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ThreeSixty Journalism Camp Tackles Big Topics, Virtually

MINNEAPOLIS (WCCO) -- Things were a little different this year for journalism students attending ThreeSixty Journalism's 2020 Digital Media Arts Camp. As COVID-19 continued its hold on normal life in Minnesota, students had to get creative with virtual efforts.

As in the past, WCCO was one of the media entities supporting students as volunteer mentors. Among the students' projects WCCO assisted with was a photo essay on serving elders being orchestrated by the Minneapolis American Indian Center, a piece our photojournalist Dymanh Chhoun helped mentor into fruition. The essay was accomplished by Emil Liden.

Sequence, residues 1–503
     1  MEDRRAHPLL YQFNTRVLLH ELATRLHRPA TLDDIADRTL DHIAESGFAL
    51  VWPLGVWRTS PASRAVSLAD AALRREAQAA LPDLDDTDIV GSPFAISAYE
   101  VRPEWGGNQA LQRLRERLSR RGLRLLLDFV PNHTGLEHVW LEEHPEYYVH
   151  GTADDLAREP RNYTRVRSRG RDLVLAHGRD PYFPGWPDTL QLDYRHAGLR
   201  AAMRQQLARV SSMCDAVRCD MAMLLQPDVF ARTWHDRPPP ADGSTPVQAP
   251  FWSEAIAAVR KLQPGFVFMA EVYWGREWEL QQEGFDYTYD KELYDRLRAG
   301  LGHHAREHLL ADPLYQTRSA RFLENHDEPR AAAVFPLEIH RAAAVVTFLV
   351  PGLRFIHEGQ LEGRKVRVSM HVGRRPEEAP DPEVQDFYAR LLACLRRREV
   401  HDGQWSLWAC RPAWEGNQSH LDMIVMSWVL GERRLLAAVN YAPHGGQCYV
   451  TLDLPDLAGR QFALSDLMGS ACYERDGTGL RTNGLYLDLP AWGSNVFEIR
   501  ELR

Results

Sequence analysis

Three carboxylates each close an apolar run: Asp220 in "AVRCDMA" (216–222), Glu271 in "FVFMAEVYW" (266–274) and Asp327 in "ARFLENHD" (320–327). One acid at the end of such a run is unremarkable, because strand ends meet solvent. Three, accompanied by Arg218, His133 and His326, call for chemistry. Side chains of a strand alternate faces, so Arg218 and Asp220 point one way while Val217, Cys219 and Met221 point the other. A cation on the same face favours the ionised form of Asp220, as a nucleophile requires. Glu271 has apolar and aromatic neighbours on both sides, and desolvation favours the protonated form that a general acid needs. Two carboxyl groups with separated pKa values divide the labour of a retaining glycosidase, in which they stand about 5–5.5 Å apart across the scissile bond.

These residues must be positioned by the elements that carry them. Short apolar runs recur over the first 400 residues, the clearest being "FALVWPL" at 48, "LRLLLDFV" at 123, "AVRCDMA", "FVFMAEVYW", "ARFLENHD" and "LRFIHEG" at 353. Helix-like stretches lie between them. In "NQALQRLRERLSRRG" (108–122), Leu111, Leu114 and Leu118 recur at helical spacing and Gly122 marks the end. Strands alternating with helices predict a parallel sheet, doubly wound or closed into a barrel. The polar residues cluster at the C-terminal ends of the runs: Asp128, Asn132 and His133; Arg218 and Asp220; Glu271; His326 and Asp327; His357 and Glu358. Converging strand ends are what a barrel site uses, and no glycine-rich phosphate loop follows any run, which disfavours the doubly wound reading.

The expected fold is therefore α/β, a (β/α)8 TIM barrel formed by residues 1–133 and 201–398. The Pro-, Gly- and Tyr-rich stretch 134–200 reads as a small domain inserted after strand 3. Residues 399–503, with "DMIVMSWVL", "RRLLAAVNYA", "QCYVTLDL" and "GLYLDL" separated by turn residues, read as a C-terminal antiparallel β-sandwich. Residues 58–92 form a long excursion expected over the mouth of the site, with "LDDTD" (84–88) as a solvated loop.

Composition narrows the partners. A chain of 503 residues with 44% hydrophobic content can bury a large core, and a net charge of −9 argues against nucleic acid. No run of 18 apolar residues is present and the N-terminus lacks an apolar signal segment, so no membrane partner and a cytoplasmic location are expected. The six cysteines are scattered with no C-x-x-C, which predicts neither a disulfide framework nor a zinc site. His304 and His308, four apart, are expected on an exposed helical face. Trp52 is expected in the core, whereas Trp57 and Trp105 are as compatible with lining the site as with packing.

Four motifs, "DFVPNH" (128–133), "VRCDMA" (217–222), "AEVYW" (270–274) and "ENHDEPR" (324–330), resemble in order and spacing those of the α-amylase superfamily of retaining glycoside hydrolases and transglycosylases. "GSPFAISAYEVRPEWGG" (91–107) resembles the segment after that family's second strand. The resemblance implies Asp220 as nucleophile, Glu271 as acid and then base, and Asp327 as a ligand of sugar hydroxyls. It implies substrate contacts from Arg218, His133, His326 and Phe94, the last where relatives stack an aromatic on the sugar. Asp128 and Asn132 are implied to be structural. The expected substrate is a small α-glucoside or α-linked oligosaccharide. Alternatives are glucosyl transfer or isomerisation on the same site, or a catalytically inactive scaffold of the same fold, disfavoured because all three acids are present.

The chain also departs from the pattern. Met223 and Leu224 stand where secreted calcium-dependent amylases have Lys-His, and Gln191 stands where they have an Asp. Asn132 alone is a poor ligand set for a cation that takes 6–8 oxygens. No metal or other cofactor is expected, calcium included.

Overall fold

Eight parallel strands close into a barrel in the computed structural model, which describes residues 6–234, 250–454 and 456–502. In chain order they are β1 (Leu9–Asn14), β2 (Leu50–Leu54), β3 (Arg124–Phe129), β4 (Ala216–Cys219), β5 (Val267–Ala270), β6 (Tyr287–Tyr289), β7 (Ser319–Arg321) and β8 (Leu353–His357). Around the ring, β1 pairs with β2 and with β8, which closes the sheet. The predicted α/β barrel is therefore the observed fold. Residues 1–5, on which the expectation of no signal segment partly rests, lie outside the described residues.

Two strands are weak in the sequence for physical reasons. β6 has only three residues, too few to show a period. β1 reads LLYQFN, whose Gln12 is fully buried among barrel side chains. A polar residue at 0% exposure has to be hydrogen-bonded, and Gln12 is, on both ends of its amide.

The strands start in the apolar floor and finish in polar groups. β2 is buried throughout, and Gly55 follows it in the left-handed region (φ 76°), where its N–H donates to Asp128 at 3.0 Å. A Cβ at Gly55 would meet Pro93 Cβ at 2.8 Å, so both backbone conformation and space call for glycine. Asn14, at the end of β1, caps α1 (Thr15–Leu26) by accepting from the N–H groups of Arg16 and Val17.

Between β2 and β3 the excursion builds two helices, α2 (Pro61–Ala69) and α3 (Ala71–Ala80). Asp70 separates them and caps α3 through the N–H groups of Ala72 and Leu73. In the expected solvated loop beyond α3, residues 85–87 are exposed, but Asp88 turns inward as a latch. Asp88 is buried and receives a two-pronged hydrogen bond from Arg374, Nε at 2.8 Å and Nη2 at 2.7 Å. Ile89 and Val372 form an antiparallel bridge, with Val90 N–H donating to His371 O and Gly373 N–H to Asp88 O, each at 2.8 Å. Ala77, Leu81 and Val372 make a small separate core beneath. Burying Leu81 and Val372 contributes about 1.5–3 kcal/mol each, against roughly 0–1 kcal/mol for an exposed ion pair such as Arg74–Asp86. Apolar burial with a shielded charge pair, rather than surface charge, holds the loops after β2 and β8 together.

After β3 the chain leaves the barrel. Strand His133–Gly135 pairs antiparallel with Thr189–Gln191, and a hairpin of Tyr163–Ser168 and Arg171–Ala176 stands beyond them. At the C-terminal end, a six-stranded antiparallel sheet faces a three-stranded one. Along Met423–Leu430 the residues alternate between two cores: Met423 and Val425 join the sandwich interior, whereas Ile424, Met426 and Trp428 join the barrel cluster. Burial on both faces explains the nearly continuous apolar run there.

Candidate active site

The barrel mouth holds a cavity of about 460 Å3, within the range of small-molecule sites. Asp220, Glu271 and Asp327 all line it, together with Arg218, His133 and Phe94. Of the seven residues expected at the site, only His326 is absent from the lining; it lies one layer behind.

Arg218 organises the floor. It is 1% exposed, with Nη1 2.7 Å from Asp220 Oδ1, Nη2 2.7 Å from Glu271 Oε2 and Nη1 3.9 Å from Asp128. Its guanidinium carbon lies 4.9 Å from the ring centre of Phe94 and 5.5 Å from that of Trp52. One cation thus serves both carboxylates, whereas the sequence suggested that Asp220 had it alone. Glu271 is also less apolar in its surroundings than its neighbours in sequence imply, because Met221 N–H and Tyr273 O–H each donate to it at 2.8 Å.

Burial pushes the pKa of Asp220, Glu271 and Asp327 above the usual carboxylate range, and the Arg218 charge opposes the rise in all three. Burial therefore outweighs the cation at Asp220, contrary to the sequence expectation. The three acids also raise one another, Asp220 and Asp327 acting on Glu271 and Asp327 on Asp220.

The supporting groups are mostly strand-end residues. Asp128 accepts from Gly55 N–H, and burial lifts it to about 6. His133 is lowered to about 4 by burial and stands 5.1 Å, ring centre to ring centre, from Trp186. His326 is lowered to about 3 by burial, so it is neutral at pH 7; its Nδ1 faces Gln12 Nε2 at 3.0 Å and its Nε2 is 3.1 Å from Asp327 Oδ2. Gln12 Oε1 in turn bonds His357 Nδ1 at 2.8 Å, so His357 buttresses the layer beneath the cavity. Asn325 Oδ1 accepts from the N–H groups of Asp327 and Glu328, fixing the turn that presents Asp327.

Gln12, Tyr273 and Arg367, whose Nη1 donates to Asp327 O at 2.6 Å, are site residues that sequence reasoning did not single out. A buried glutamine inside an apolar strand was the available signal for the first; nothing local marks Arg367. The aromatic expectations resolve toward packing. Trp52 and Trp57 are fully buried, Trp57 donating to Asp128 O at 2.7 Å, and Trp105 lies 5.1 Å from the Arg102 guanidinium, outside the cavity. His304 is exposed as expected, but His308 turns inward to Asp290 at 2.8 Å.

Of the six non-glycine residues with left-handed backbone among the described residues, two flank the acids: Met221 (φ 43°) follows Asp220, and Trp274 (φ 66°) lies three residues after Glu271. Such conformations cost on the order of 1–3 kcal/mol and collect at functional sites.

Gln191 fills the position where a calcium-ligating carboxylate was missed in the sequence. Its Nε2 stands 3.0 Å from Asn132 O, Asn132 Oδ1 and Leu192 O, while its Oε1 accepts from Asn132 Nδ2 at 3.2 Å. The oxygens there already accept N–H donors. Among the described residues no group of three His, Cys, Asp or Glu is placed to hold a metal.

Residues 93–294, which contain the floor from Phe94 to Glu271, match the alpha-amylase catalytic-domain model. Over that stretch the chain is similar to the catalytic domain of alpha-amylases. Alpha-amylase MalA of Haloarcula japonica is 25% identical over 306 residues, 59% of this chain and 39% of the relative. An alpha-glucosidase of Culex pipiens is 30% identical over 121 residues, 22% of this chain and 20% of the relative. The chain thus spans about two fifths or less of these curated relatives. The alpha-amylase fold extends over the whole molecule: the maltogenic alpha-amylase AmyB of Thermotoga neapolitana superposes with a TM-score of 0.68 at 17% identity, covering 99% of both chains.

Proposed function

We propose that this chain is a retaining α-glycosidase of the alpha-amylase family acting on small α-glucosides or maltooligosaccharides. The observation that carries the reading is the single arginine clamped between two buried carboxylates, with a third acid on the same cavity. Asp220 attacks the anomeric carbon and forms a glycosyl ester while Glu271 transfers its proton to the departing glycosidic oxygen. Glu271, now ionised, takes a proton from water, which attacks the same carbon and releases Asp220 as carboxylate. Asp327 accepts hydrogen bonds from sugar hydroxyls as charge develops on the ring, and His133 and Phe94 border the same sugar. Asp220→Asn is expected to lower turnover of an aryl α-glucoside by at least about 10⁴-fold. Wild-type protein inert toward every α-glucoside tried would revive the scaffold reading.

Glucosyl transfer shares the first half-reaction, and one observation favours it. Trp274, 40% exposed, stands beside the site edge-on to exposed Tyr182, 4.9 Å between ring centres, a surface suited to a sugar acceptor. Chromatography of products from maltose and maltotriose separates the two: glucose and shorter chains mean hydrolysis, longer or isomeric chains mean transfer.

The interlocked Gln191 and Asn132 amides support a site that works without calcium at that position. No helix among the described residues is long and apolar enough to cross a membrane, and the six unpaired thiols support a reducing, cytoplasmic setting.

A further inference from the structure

"The COVID-19 pandemic has disproportionately affected the Native American community across the country and especially here in the Twin Cities," Liden said. "The Native American tradition of caring for the elderly is something that Brian and those at the Minneapolis American Indian Center hold dear to their hearts."

Additionally, two students attending this year's camp created digital video pieces with help from their mentors.

The first investigates the institutions fighting for a better future for Minnesota's youth of color.

Digital Media Arts Camp 2020: Dr. Abdul Omari by threesixtyjournalism on YouTube

The other profiled the Minneapolis-based organization SEAD (Southeast Asian Diaspora) Project, which works to empower Southeast Asian communities through storytelling.

Digital Media Arts Camp 2020: SEAD Project by threesixtyjournalism on YouTube
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